For well over 10 years, Stefan Thomas has been attending business events. When it came to attending his very first event, he was nervous and he completely hated it.
However, he realised how useful it would be for him to keep going. He’s become quite a pro and is actually the author of the Business Networking For Dummies book.
A lot of what he knows about networking came from working in a shoe shop as a teenager in 1983, and when he got his first full-time job as an estate agent in 1988. But after 19 years of doing that, he was forced to reinvent himself and bought a magazine publishing franchise in 2007.
Three months later, he dropped it and began to write for other people. Through all of that, he carried on attending the networking events he’d started attending a few years previously, and he was increasingly picking up new business from it.
Soon, he was being asked to tell people how he was managing it, and by 2013 had the opportunity to write the guide.
From Stefan, you’ll learn how you can make a success of your networking events, by approaching them differently. And why you should keep going, because one day, you may end up in the right place at the right time like he did.
How Stefan Got Started
The skills which Stefan uses are many of the ones he learned working in retail as a teenager, and then as an estate agent.
But like other people who have had a career change forced upon them, he lost his confidence in his abilities. And it took him a while to realise that many of those skills he had were transferable.
His first networking event was in 2005 when he attended a Witney Big Breakfast.
He went as an estate agent, and he hated it. He was nervous and he admits that his first event was a disaster. However, he somehow overcame it knowing that it meant he could connect with lots of local people who could be potential customers, or at least recommend him to people they knew.
He joined the BNI and then 4Networking in 2007.
Your First Networking Event
The first thing you have to do when attending a networking event is to remove the pressure of making it a success. People often go with a return in investment decided which is far too high.
Particularly your first event, the only purpose is to meet people and just start a conversation, and don’t treat it like it is the entire conversation. So set the bar low in actually making business deals straight away.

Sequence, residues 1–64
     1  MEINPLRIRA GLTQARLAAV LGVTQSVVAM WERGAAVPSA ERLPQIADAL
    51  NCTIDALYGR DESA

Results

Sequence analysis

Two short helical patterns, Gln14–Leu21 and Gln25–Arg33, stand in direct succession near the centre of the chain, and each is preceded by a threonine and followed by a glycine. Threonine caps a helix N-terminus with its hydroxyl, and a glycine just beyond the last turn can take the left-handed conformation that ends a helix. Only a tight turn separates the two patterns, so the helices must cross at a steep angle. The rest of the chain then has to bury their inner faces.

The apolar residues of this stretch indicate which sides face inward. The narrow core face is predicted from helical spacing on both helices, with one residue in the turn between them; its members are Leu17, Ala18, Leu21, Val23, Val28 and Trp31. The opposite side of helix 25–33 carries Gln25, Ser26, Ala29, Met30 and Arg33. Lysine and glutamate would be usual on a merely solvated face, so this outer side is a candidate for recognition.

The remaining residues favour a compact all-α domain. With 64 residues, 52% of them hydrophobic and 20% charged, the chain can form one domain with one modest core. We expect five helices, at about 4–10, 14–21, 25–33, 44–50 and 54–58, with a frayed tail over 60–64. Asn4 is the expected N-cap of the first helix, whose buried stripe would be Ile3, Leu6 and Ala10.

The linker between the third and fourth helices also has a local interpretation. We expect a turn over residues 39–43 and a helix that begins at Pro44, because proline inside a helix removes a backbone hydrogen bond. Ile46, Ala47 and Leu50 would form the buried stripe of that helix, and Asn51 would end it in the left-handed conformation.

If you’re going to be required to give a 40 or 60-second introduction about yourself to everyone, prepare it before you go.
And you can use social media to connect with people going beforehand. When you know people going, you’ll feel a lot less nervous.
The chances are when you go as a newbie, the more experienced people attending will recognise that and will come over to listen to you. And when you start a conversation, don’t get wrapped up in wanting to say something clever, or giving them your elevator pitch.
It is just like any other social situation, but with a different name. So start a conversation in the natural way you would normally as the same rules apply.
One of the key skills you need for networking, and generally in life, is to actually listen to people. It isn’t just about waiting for your turn to talk.
Some people just want to talk to you so they can quickly identify whether or not they can do business with you, and just listen as a courtesy.
But the most successful networkers are the ones who actually listen to what is being said to them. And, believe it or not, it is actually interesting to find out about other people.
Elevator Pitches Leave You Grounded
Stefan doesn’t like elevator pitches, and that’s not just because we call elevators ‘lifts’ in the UK. It’s actually because of how effective they are.
If you actually found yourself in an elevator/lift with Richard Branson and you started to suddenly spout to him everything you do and why he should invest in you in just 60 seconds, there are two ways that’s going to end:
He is either going to get his chequebook out right away, or he is going to buzz security. And which one do you think is most likely?
Elevator pitches presume that everyone is interested in you. But ultimately, everyone else is at these events to make sales and promote their own businesses. And this is where listening is useful.